Social learning feeds into our natural instinct to share our experiences. It’s a great way to connect the power of experiential and social learning. This matters because sharing, collaboration and learning from each other is important to most modern workers. Research shows 77% say collaborative technology such as social media is crucial to how they work with colleagues and clients today.
4. Collaboration: Social Learning
Use social features to encourage and share the expertise that already exists in your organisation. Why not create chatrooms where staff can share their specialist knowledge and know-how with others and answer questions. All this collaboration and communication feeds into the 20% of learning that comes from social interactions.
With informal learning promoting collaboration and new perspectives, there’s going to be a lot of creativity flying around the workplace! In fact, research shows openness to new experiences is a key predictor of creative achievement. So, why not make the most of it and encourage people to share their ideas on the learning management system!
5.Super Sharer: Social Learning
Harness the sharing instincts of learners by getting them to post their favourite educational YouTube clips or facts on the LMS for everyone to see. Better than constantly pushing content out to your learners, encourage them to create and curate their own content!
This learner-led culture encourages people to communicate which breaks down departmental barriers and isolated working habits.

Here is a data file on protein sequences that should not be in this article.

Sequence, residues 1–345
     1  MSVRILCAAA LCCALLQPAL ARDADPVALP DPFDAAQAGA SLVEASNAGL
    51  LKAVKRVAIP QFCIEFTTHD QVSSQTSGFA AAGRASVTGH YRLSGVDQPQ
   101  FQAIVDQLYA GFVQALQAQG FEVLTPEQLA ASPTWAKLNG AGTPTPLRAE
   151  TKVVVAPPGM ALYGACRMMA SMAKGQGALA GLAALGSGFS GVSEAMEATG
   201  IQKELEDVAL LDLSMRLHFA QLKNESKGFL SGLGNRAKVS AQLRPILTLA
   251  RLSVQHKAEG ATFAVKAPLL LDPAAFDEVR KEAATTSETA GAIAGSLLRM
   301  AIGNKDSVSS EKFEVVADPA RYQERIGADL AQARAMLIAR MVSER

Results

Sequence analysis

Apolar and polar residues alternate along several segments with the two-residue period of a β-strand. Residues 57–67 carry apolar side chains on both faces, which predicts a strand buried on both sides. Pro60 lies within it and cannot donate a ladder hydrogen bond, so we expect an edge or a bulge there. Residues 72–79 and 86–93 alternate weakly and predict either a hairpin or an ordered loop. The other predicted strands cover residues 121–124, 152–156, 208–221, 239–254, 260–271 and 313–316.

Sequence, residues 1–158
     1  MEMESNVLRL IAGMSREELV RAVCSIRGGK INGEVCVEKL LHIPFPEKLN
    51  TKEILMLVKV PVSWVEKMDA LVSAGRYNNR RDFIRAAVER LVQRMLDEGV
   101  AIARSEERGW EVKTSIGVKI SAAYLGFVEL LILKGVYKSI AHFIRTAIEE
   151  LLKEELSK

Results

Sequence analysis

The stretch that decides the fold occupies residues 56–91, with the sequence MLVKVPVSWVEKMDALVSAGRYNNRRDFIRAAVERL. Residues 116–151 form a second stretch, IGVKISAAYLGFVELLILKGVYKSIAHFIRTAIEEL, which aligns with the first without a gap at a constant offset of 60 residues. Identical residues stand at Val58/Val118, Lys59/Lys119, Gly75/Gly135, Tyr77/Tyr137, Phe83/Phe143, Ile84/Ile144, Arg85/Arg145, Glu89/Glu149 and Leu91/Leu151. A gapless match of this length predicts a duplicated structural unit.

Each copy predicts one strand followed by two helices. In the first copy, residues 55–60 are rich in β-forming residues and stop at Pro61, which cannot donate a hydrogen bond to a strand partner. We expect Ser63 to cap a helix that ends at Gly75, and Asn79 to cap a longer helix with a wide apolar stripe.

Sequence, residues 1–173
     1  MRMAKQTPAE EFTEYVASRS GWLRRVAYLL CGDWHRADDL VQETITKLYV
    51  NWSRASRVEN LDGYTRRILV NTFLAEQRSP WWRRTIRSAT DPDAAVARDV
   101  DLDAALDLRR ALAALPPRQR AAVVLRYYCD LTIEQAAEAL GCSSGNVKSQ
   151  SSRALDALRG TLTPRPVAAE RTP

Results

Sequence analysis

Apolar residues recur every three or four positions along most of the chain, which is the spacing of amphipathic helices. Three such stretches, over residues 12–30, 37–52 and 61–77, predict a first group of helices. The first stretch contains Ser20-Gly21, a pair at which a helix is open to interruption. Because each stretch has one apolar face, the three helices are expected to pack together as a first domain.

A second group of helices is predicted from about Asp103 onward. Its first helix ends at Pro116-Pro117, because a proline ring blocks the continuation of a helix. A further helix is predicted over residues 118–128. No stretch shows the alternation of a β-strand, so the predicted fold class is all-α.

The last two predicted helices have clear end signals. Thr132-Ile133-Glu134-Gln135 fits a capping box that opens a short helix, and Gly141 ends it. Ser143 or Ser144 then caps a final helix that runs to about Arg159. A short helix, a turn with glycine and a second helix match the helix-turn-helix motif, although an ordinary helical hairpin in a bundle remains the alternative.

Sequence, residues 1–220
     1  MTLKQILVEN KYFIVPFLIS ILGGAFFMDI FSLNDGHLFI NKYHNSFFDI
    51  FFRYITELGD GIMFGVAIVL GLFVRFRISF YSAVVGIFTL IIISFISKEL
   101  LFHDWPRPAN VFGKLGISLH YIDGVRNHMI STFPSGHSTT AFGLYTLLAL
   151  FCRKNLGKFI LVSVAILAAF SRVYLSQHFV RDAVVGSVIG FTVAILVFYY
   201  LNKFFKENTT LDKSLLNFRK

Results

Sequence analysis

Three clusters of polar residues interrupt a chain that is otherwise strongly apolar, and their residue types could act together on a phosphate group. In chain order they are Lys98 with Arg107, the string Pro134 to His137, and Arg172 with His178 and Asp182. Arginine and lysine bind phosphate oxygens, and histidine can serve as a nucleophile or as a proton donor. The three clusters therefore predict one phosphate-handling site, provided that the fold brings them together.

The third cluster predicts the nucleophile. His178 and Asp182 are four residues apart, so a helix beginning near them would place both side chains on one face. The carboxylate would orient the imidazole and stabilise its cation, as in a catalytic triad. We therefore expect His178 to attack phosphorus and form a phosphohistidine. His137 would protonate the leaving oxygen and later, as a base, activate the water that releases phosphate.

6. Engaging Online Training: Formal Learning
Whether you’re delivering a combination of blended learning or pure online training, learning technologies can help ensure the formal learning makes an impact! As we’ve discovered, formal training is a support frame and amplifier for learning.
Whatever you do. make sure this essential part of learning is engaging and full of Epic Meaning. This helps make the benefits and purpose of the training clear and shows learners why their development matters within the wider context of the company.
7. Mobile Training: Formal Learning
Mobile learning technologies mean you can now deliver the essential formal training wherever and whenever learners need it – straight to their smartphones! So, whenever they need to back up all that informal good stuff – they will have the formal training to hand.
There’s no need to deliver lengthy, tedious training units either. When it comes to engagement, bite-size learning on our phones is best!
It allows you to drip feed smaller chunks of engaging learning content to learners’ mobiles. These regular bursts of learning help people avoid the Forgetting Curve by reinforcing training content and ensuring the information sticks. After all, practice does make perfect!
With the 70:20:10 model at your disposal, you can reach your learning goals! Yes, with all that theory put into practice, fears faced and comfort zones well and truly stepped out of…your learners will feel as pleased as pie… a freshly baked 70 20 10 pie, of course!
Eager to implement the 70 20 10 model?